12 September 2013 22:47 [Source: ICIS news]
HOUSTON (ICIS)--An ethanol trade group is standing by its claim that the US Renewable Fuel Standard (RFS) is working, but a cattlemen’s organisation is saying that the federal volume mandate puts the beef industry on an unlevel playing field for the finite amount of corn that is produced.
Renewable Fuels Association (RFA) president Bob Dinneen and National Cattlemen’s Beef Association (NCBA) executive director of legislative affairs Kristina Butts debated on Thursday the RFS and how the mandate affects their industries.
The RFS was created by the Energy Policy Act of 2005 to establish a US fuel volume mandate to boost ethanol, biodiesel and other renewable resources. In August, the Environmental Protection Agency (EPA) finalised the 2013 annual percentage standards, adding that it may waive or reduce volumes for the 2014 requirement.
Dinneen said the RFS has decreased US dependence on foreign oil while creating jobs and revitalising rural communities.
“Everybody has profited from a rising tide,” he said. “Cow and calf production has been up and profitability has been up over the last eight years that the RFS has been in place, and we don’t think that’s a surprise at all.”
One area that benefits the agricultural sector is the production of distiller grains as coproducts, Dinneen said. Distillers grain is livestock feed that is typically 80-90% of the price of grain but has 110-130% of the feed value, he said.
Butts said the beef industry has acknowledged that it uses distiller grains, but availability varies across different regions, which causes concerns about consistency because the nutritional value is not as high in dried distiller grains (DDGs) as the wet version.
Additionally, a discussion that is often left out is the export of DDGs, she said, citing a University of Nebraska study that said only 7% of those DDGs is going to the beef industry.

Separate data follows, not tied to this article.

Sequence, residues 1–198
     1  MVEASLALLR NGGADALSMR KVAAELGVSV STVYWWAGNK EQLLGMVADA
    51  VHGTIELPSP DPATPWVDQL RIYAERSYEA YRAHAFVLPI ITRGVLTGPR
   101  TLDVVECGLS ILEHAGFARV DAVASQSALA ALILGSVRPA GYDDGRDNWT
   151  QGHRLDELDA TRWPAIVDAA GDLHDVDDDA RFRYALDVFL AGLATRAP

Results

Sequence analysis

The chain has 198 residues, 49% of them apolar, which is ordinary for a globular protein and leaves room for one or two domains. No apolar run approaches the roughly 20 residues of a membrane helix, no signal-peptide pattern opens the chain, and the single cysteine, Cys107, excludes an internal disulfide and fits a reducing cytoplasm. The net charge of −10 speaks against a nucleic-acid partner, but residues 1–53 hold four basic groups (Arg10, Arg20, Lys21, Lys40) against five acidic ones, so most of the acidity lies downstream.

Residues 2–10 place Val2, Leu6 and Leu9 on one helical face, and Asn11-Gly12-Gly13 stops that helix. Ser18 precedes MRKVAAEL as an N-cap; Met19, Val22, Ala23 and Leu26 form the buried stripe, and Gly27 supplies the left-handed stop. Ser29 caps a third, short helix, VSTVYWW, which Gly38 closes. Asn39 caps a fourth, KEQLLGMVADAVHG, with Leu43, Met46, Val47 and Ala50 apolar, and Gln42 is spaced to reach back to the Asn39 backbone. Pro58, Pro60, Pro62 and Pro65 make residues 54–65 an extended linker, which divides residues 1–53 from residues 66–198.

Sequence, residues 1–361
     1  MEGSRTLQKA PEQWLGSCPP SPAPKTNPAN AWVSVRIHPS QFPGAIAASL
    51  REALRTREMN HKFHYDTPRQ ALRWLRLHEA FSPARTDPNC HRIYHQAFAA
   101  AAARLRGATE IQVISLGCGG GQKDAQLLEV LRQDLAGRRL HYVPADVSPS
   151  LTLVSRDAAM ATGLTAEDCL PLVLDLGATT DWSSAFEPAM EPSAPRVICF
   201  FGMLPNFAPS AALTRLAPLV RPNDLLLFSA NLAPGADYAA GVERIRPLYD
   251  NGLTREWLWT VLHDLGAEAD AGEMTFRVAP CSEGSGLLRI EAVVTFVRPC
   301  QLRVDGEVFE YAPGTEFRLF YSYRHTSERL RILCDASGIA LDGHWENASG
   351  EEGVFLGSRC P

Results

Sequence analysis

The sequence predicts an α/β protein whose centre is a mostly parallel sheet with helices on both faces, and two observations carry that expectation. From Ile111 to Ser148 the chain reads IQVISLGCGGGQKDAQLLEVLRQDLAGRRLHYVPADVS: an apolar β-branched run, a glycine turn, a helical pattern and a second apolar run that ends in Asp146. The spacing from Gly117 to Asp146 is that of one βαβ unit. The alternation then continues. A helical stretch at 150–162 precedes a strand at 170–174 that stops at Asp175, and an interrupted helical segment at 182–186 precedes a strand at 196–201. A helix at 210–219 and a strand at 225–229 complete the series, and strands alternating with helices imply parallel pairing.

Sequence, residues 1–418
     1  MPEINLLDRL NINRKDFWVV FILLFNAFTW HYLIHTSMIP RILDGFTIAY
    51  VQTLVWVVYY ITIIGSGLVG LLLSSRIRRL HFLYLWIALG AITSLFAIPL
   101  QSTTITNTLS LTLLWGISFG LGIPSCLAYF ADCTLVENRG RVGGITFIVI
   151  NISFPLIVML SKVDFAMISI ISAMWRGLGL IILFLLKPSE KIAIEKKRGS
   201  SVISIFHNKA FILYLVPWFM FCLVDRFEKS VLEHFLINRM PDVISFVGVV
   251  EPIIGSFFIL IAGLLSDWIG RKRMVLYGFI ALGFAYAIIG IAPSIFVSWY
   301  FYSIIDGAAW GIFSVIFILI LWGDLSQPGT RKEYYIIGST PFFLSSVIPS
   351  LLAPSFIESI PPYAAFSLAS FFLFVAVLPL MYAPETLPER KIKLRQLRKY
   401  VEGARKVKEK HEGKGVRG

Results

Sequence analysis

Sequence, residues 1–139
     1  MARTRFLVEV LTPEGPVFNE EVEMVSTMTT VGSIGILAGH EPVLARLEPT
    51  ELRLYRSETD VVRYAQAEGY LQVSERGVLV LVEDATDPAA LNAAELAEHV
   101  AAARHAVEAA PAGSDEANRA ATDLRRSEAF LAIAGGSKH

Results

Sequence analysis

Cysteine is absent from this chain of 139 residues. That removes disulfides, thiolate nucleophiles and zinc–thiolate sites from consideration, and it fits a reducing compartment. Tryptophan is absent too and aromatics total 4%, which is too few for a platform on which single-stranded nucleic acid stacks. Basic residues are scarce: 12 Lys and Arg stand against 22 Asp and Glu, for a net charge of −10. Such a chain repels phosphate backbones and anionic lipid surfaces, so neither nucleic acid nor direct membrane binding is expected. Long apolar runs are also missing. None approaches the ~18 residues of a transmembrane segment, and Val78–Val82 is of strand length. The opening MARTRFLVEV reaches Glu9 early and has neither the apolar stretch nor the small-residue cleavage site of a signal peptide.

Butts argued that the cattlemen’s group is not opposed to renewable fuels but that it is against the arbitrary mandate of their use.
When asked why there needs to be an ethanol mandate at all, Dinneen said the US needs to have a programme in place that would ensure that consumers have options – particularly one that offers them a cheaper product.
“The fact of the matter is there is no free market in energy in any place in the world,” he said. “We are competing against people that have to buy our product and take our product to the market place."
Butts argued that officials from both the EPA and the US Department of Energy (DOE) have said that the ethanol market is picking up, regardless of the mandate, because of the octane levels that are achieved and because of the less expensive prices.
“Ethanol industry is a mature industry, and we would like to see it stand on its own,” she said, adding that the agricultural industry is just trying to level the playing field and find options that could serve as long-term considerations and changes to that mandate.
The waiver process does not consider natural disasters and other impacts, she said. This year’s drought was one of the worst in history, and the industry is seeing “an exodus of producers” leaving.
“We think that the waiver process needs to be fixed,” she said. “We think when government policy is mandating one use of corn over the other that it’s not the true market dictating the price per bushel.”
Dinneen argued that the extended drought and not having ready access to distiller grains are reasons that are causing cattle producers to leave the industry, not ethanol production.
“The fact is whether obligated parties are going to be able to meet the requirements,” he said. “Clearly, there was no need to waive the requirement,” he said. “If there was going to be a shortage of physical ethanol or they weren’t able to meet their requirements, different story. As it is the waiver is not granted is indicative of the process working.”
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